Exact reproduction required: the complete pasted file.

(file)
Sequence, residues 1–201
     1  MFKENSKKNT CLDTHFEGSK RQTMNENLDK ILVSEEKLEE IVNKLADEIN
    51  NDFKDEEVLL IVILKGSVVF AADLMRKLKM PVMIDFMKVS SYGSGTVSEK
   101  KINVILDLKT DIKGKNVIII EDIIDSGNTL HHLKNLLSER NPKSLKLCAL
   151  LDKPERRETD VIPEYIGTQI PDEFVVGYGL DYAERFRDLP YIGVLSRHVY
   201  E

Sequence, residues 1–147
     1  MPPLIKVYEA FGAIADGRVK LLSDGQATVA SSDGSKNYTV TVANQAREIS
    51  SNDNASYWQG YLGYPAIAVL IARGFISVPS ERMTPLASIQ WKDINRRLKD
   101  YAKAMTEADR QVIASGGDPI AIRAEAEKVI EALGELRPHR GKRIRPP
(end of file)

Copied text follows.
Sequence, residues 1–201
     1  MFKENSKKNT CLDTHFEGSK RQTMNENLDK ILVSEEKLEE IVNKLADEIN
    51  NDFKDEEVLL IVILKGSVVF AADLMRKLKM PVMIDFMKVS SYGSGTVSEK
   101  KINVILDLKT DIKGKNVIII EDIIDSGNTL HHLKNLLSER NPKSLKLCAL
   151  LDKPERRETD VIPEYIGTQI PDEFVVGYGL DYAERFRDLP YIGVLSRHVY
   201  E

Sequence, residues 1–147
     1  MPPLIKVYEA FGAIADGRVK LLSDGQATVA SSDGSKNYTV TVANQAREIS
    51  SNDNASYWQG YLGYPAIAVL IARGFISVPS ERMTPLASIQ WKDINRRLKD
   101  YAKAMTEADR QVIASGGDPI AIRAEAEKVI EALGELRPHR GKRIRPP